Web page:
There was a study published out of UBC earlier this month that said man’s best friend hates hugs. It apparently makes them anxious.
It wasn’t really news to me. My chihuahua isn’t subtle about his disdain for squeezes.
Not to say he’s averse to affection. He just prefers it in the form of being carried places and, from time to time, he shows it by breaking into my personal sleep space and giving me kisses. Trouble is, I’m a mouth breather. Let’s move on.
The point is this story came out two weeks ago when my best friend and I entered what I was told could be the final moments of an eight-year relationship, and I really wanted to hold him tight. The drugs he was on meant he wouldn’t have made much of a fuss, but it may have hurt his spine as well as his pride, so I gave him some space and ugly-cried into his fur for hours on end. I’m sure he found it very soothing.
For all I know it was that, along with the tireless care and kindness of Dr. Moshe Oz, that gave him what has been deemed an amazing second wind. He’s functional, pain-free and happy to be home.
For all the miraculous healing I’ve watched in recent days, however, it was made shockingly clear to me that my best friend and I are limping into the final leg of our adventure.
It’s a funny thing with dogs, isn’t it?
We know going in that we’re going to outlive them. Their time with us is fleeting.
We know that, yet there isn’t a single dog person I know who isn’t flattened when the time comes to say goodbye.
Strangely, there isn’t a single non-dog person I know who seems to get it, and say as much in these times.
Funny, that too. How sad it must be for them to not know that the countless studies that say dog people are happier, more well adjusted and healthier aren’t a farce. Reciprocal and unconditional love is simply healing, even if hugs aren’t.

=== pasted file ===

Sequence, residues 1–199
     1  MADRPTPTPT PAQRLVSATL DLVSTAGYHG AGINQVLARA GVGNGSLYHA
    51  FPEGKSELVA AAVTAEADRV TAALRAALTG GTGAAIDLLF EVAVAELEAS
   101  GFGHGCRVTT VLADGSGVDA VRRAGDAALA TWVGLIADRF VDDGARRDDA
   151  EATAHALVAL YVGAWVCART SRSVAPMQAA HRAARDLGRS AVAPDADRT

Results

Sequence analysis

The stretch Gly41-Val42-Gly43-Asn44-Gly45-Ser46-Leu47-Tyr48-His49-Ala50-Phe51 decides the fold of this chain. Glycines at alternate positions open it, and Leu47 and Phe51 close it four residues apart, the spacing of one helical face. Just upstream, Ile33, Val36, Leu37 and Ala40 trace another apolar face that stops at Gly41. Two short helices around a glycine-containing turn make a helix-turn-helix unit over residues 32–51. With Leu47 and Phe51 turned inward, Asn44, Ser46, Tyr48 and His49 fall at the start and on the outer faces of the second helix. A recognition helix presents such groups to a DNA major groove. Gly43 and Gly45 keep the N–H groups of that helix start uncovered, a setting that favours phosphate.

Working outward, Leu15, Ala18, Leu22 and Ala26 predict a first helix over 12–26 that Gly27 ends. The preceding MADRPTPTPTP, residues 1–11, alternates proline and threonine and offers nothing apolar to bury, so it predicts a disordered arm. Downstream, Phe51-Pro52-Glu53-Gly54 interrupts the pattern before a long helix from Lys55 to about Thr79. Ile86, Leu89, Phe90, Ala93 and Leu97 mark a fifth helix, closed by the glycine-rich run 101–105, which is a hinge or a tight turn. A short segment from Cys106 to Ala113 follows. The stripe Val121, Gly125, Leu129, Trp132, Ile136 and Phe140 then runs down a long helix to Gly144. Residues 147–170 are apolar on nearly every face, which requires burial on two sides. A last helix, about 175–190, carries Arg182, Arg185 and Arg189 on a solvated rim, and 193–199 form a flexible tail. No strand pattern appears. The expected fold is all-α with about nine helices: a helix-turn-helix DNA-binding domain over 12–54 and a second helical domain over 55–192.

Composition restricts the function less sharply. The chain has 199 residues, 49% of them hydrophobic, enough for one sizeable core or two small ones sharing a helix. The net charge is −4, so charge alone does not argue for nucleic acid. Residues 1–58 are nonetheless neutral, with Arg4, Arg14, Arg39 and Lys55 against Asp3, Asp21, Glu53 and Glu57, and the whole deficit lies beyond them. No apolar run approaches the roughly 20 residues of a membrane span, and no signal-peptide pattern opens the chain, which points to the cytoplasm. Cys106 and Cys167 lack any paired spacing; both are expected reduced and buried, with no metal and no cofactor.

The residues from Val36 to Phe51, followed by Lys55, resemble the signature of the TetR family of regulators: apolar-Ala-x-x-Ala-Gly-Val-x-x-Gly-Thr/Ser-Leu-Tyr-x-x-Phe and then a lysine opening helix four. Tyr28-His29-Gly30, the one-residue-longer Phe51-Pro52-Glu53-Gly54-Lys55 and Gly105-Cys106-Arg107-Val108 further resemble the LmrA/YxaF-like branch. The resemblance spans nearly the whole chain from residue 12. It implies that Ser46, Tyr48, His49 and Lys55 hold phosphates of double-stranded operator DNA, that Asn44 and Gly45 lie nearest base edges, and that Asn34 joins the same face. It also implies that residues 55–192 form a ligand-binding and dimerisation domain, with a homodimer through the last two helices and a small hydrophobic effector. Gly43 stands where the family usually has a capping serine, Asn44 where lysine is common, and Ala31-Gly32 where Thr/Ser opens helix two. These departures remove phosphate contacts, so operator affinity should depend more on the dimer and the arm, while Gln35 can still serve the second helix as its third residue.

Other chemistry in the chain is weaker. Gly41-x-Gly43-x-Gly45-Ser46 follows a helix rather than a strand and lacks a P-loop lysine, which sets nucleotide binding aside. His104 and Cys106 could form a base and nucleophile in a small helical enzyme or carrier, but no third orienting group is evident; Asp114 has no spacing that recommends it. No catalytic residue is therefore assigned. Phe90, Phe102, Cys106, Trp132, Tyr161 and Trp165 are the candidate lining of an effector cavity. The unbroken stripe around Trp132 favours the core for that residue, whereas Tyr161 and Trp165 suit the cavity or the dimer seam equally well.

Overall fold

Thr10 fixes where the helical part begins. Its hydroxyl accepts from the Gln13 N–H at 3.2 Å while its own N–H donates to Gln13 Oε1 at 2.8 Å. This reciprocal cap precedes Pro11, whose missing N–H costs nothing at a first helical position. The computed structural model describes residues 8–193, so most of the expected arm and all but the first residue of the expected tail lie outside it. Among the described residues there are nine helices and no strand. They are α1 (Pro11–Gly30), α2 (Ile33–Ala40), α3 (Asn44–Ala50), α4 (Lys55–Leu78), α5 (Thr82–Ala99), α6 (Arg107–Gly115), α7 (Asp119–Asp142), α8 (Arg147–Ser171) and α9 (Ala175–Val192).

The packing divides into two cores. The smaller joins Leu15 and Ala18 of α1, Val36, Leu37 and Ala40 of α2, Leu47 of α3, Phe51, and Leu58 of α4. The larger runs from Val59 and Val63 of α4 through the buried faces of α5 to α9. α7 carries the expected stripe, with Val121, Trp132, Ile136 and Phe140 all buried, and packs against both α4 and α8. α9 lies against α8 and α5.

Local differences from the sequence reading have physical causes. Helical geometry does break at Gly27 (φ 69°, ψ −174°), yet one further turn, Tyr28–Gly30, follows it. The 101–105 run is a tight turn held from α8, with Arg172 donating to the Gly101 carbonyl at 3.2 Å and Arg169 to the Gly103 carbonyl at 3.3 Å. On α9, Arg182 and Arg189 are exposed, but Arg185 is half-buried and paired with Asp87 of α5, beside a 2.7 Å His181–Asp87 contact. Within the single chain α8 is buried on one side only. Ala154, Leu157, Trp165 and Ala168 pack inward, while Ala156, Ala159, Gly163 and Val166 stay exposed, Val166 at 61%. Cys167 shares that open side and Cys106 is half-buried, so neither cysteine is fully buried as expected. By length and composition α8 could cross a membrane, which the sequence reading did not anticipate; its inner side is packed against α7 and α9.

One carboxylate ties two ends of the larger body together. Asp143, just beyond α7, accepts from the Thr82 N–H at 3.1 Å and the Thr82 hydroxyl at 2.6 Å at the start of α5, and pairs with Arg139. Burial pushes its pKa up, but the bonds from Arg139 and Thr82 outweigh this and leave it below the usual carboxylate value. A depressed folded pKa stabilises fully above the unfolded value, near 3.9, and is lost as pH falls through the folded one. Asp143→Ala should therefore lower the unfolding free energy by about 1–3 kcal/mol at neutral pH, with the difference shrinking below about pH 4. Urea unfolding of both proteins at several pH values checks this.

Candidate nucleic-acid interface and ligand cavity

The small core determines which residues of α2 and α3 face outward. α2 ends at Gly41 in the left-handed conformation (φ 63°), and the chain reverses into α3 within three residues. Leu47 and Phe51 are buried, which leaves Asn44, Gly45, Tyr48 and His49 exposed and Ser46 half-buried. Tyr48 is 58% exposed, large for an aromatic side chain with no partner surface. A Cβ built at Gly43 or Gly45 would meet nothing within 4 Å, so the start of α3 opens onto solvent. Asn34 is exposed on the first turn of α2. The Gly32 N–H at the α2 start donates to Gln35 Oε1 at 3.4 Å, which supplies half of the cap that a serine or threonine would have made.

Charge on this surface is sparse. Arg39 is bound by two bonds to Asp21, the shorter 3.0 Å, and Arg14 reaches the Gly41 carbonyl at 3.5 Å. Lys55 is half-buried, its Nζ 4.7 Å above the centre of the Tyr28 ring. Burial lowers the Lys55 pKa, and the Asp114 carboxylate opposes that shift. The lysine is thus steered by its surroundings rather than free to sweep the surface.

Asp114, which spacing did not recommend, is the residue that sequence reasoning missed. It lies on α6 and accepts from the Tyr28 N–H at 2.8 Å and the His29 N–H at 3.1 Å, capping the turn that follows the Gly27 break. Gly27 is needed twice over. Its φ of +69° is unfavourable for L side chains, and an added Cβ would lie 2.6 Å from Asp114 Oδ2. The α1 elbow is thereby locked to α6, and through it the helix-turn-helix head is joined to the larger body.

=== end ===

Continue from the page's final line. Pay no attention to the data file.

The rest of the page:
For some, it’s even a game-changer.
Bean—also known as The Bean, Beanie Baby and the Baby Beansus, depending on the season—met me 11 years ago, when I moved back to Canada after a multi-year break.
He was a friend’s dog and he climbed onto my shoulder within minutes of being introduced.
“He never does that, he really likes you,” I remember her saying. “He usually dislikes people.”
“So do I,” I said. “We’re kindred spirits.”
Two years later when he proved to be too difficult for her, she gave him to me, with the understanding we should be together.
It wasn’t with the most open arms I accepted him. I lived in a no-pet apartment and my job security was up in the air—the continual plight of a newspaper reporter.
But, the other option she presented was that he would go to a farm. He’s a wacky little thing, and he clearly belonged with me, not under the hoof of a cow who would make the sensible decision to squash him for any number of breaches of barnyard etiquette.
So, I took him home. I got evicted within a month and lost my job six months after that.
If he hadn’t been there, I would have moved back to Asia, where money and adventure were plentiful.
Instead, I took a lower paying job so I could stay with The Bean, who had quickly become my bestie as well as my responsibility.
Then we met a guy. Beanie dug him to China and it was reciprocal, so we got married and had a baby. The man and I—not the dog. And not in that order.
We even picked up another cast-off pooch along the way.
Other than the man, none of the new additions make Beanie particularly happy, but he’s grudgingly come to accept them. I think he knows none of them would be there if it wasn’t for his influence.
And, I regret to say, amid the hubbub of an expanding life, Beanie’s interests have oftentimes been put on the back burner.
This second wind has reminded me of the age old truth from Dirty Dancing—nobody puts (Beanie) Baby in a corner.
Dogs deserve the same devotion they show us. And I, for one, am glad for the 11th hour reminder.
This is where I think it would be appropriate to say everyone should go home and hug their pets.
Of course, that would just make them anxious. So, you know, do something else nice.